When the world's longest lightning bolt struck over Oklahoma in 2007, it traveled about three-quarters of the length of the state, according to the World Meteorological Organization, which recently announced the electrifying new record.
The lightning bolt traveled 199.5 miles (321 kilometers) on June 20, 2007, the World Meteorological Organization (WMO) said. The organization also confirmed the longest duration for a single flash of lightning: 7.74 seconds, for a flash that occurred over Provence-Alpes-Côte d’Azur, France, on Aug. 30, 2012.
The two announcements mark the first time that lightning has been included in the official WMO World Weather & Climate Extremes Archive, whichdocuments records for heat, cold, wind speed, rainfall and other climate events. [Images of Lightning Unfolding, Frame by Frame]
"Lightning is a major weather hazard that claims many lives each year," WMO Secretary-General Petteri Taalas said in a statement. "Improvements in detecting and monitoring these extreme events will help us improve public safety."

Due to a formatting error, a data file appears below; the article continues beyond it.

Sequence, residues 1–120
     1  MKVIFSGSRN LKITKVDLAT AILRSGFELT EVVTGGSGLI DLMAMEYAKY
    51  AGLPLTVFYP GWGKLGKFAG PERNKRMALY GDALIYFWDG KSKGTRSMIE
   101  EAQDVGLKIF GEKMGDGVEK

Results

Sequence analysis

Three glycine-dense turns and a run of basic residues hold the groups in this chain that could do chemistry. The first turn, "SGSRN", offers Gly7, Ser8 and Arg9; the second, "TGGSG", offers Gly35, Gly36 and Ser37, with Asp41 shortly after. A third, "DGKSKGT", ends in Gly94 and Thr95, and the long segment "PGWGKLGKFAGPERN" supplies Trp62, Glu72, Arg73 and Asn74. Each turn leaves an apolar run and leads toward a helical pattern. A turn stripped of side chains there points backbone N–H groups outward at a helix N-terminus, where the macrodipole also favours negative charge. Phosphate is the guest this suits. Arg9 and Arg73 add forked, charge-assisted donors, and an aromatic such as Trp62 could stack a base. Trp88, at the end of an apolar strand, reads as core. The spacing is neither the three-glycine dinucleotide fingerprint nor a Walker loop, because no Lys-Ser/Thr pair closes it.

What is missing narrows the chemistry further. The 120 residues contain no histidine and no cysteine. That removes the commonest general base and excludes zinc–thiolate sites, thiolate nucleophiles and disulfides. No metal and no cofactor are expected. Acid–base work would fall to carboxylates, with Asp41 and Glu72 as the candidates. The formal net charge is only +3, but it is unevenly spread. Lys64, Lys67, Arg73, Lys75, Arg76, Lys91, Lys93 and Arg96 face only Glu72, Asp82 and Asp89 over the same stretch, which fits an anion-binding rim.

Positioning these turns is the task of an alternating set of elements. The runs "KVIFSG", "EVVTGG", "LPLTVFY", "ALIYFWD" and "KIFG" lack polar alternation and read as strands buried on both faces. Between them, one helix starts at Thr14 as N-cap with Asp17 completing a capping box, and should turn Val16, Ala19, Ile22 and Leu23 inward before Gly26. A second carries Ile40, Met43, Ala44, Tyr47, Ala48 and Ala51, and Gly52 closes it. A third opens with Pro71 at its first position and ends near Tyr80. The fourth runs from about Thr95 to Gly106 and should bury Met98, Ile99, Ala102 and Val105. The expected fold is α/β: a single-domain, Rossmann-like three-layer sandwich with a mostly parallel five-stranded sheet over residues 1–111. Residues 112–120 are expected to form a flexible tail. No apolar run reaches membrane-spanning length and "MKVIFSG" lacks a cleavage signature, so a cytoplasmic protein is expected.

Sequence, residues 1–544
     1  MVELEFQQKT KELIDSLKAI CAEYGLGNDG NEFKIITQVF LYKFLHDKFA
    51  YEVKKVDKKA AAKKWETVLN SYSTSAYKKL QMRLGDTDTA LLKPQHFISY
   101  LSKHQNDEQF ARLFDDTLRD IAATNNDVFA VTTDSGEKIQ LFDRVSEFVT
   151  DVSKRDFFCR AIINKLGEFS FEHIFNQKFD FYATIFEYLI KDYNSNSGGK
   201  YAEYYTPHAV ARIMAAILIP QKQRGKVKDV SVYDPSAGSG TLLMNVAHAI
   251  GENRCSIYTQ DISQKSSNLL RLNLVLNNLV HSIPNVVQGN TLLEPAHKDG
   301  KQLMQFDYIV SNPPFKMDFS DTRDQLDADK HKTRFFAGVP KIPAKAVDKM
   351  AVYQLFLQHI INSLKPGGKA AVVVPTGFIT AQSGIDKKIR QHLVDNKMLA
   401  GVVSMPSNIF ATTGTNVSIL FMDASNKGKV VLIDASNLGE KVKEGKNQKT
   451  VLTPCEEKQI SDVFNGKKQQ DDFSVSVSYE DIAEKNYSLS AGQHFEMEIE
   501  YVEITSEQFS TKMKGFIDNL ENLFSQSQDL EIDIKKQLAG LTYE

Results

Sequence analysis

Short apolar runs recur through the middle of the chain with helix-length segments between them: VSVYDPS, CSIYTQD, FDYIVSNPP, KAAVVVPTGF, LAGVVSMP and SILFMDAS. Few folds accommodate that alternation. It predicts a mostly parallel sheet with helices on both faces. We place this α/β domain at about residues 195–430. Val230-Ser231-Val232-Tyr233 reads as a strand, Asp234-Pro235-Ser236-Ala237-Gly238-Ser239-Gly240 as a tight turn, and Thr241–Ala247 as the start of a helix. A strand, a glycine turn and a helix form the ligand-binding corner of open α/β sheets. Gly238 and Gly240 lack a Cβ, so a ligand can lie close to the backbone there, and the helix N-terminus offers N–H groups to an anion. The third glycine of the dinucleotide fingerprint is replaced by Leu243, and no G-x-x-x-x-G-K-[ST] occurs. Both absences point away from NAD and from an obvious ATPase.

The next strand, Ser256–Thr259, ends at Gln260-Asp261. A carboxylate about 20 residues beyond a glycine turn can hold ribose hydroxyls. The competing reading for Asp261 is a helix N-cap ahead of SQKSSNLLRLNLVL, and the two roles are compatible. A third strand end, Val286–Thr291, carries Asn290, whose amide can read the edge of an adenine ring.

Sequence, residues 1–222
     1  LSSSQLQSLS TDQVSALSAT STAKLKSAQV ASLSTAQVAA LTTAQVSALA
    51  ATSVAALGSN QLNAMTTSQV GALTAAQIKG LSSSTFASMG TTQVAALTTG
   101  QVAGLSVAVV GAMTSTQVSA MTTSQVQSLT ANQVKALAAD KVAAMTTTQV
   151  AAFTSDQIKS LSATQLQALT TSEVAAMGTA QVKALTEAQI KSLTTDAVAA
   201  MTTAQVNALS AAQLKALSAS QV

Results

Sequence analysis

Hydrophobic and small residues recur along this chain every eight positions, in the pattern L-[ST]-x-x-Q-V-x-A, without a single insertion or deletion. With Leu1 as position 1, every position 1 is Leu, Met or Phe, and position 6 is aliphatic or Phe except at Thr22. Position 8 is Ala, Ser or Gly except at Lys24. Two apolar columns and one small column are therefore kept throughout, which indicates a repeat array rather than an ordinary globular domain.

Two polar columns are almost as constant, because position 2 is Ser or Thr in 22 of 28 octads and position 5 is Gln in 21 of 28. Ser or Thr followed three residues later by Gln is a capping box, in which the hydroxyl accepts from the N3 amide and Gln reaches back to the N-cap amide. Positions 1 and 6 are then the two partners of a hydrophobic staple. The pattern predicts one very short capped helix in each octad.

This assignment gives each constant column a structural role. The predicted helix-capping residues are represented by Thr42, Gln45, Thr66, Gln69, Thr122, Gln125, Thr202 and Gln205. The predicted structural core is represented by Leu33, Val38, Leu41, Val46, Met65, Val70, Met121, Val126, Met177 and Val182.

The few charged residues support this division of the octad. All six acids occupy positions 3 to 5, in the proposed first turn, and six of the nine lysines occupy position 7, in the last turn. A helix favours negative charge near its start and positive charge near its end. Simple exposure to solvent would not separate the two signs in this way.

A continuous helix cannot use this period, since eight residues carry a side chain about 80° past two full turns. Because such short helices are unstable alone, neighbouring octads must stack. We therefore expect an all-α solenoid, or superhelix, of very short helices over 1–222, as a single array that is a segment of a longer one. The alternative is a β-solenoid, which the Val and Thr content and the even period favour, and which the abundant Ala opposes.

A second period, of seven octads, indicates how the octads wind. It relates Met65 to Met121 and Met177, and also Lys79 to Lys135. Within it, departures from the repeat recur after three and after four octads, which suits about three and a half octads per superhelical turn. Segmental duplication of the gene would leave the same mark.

The WMO said the advancement of lightning-sensing technologies made it possible to detect new extremes and allowed the organization to now include lightning measurements in the archive. Randall Cerveny, chief rapporteur of climate and weather extremes for WMO, said experts can now study specific lightning flashes in much greater detail.
Lightning strikes about 25 million times a year in the U.S., annually killing an average of 49 people and injuring hundreds more, according to the National Weather Service. So far this year, lightning has killed 35 people in the U.S., which makes 2016 the deadliest year for lightning since 2007, which had 45 lightning-related fatalities. Improved sensing technologies in recent years have allowed for better warning systems and safety protocols, according to the WMO.
"The end result reinforces critical safety information regarding lightning, specifically that lightning flashes can travel huge distances from their parent thunderstorms," Cerveny said. "Our experts' best advice: When thunder roars, go indoors."
The WMO's full assessment of the record-breaking bolts was published online Sept. 15 in the Bulletin of the American Meteorological Society journal.
Original article on Live Science.
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